So after our trip to the Chiswick Carboot Sale the other week, my friend and I went to Chiswick House and Gardens, which she had heard to much about – and boy was I in for a surprise! I entered the grounds thinking that it would be just another lovely park and yet this is the view that greeted us:
My friend and I had a little wander outside the house before we decided that it was time for some afternoon tea – of course! It was one of those warm late summer Sundays so we sat outside and enjoyed the most delicious cream tea:
We then continued on to having a walk in the garden, which was just so stunning with soft gravel paths and perfectly maintained lawns with flowers of all sorts covering the grounds:
The gardens at Chiswick cover an impressive 65 acres, so there is plenty to explore. We walked down a hidden pathway that ended up by a tall monument and a beautiful rose garden, before continuing our stroll past some impressive old buildings and statues (you will see a gorgeous lion a bit further down in the post!)
I learnt that Chiswick House Gardens is the birthplace of the English Landscape Movement and that it has been the inspiration for some stunning gardens around the world – including Central Park in New York. It was originally created by Lord Burlington and William Kent in 1729 and you can probably see that they drew inspiration from Italy and Italian landscape painting. Before becoming this romantic and luscious garden that it is today, the style of the garden was very formal, designed in the renaissance style. One of my favourite things about the garden is that there are so many little paths that you can follow, which means that you are bound to run into new and unexpected details throughout your visit!
For all of you that adore camellias, a visit to the Conservatory is a must! The 6th Duke of Devonshire commissioned this grand conservatory and had it designed by Samuel Ware, who completed it in 1813. It stood as the forerunner of many subsequent glass buildings, among others the extraordinary Crystal Palace in Sydenham, London. As for the collection of camellias (a flower commonly found in eastern and southern Asia, from the Himalayas east to Japan and Indonesia) the Conservatory still features some plants surviving from those planted in 1828. No surprise that this is thought to be the oldest camellia collection in England, and possibly also outside China and Japan! According to the Chiswick House and Garden website it includes what is thought to be one of only two surviving ‘Middlemist Reds’ in the world.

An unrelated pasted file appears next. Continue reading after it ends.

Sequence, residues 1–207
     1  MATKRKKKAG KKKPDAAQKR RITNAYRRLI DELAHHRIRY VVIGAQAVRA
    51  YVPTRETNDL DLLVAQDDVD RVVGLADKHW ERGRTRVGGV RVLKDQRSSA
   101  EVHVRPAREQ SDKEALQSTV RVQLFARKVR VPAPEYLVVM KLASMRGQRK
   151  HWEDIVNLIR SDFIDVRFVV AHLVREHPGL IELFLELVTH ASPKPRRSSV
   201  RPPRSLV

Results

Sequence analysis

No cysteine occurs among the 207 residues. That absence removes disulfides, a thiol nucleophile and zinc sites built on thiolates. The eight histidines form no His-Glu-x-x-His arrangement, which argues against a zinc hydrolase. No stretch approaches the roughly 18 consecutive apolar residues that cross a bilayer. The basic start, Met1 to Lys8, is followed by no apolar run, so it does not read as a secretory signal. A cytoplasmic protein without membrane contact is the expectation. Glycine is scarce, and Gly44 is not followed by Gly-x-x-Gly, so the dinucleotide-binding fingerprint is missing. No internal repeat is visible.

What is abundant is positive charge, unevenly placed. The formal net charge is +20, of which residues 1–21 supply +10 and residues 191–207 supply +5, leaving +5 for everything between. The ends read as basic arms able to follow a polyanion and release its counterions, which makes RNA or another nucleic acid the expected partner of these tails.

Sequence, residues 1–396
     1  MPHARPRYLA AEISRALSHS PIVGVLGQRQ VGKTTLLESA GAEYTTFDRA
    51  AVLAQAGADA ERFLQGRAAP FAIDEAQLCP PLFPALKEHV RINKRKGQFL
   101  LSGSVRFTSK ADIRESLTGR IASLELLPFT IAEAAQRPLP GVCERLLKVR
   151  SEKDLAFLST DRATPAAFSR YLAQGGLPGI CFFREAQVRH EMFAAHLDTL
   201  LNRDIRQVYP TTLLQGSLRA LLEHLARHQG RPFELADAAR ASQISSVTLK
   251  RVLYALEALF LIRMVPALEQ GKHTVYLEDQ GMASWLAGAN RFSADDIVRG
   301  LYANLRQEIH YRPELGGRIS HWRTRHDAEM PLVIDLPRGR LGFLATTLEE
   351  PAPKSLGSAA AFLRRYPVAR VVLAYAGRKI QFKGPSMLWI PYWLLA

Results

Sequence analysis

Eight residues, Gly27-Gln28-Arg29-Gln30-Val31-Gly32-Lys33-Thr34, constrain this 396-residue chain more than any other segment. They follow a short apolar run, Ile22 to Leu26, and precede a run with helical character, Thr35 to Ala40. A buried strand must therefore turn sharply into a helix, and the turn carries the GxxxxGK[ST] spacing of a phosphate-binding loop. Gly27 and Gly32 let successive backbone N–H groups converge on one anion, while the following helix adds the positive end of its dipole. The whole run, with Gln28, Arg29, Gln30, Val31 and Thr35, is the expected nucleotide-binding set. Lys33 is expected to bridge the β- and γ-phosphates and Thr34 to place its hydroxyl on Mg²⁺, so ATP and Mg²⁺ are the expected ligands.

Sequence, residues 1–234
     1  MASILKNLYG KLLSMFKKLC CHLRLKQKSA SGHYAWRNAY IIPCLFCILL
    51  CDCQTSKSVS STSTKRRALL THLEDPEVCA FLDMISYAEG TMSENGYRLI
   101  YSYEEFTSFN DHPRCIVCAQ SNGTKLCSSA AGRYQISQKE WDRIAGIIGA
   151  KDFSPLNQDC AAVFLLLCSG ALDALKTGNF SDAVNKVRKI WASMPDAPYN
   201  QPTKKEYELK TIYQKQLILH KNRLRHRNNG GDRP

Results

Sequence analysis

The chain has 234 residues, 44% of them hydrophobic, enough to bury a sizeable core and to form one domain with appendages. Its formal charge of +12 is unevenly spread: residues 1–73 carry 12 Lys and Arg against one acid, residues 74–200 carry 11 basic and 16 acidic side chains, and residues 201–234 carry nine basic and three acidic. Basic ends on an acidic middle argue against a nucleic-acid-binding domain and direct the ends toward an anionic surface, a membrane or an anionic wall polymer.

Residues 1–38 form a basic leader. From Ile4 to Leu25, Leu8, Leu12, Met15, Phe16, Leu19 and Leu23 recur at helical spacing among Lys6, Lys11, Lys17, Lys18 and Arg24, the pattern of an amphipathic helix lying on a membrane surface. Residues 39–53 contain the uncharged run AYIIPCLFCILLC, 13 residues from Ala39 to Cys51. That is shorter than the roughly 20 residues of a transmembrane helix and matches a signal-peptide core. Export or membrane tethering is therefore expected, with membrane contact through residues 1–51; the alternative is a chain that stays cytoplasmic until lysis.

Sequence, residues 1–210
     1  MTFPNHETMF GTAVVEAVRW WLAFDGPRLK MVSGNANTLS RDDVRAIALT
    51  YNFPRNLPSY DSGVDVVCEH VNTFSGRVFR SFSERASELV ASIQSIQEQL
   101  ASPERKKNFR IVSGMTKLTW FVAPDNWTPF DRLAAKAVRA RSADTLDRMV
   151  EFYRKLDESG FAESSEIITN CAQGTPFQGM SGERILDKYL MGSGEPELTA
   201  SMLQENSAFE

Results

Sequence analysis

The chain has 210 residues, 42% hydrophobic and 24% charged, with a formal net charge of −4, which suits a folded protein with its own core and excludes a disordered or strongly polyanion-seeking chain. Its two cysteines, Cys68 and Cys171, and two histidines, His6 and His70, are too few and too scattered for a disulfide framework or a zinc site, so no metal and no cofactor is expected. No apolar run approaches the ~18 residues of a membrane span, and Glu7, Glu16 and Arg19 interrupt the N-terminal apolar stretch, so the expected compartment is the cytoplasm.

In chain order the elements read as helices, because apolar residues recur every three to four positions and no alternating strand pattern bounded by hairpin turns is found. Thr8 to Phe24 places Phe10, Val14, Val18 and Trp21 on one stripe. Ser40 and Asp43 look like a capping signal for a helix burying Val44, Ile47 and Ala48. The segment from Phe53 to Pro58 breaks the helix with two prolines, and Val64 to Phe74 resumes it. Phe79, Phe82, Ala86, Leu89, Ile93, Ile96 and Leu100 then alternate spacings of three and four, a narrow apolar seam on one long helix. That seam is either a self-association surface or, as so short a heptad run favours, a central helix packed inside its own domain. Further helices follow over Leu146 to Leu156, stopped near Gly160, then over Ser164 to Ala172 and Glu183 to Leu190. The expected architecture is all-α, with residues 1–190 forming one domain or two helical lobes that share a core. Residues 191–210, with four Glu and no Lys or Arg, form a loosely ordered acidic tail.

When it comes to visiting these stunning gardens around the UK you will always have a unique visit, no matter what time of the year you decide to go. Mid-winter invites us to a steaming hot cup of tea and cake after a walk in the winter garden, whereas springtime shows an explosion of colours and beauty… not to mention the enchanting autumn coat in yellow, gold, orange and green that you will experience within the next few months! So give yourself a little treat in the shape of a visit to this beautiful haven that is Chiswick House and Gardens, and do tell us about your visit afterwards!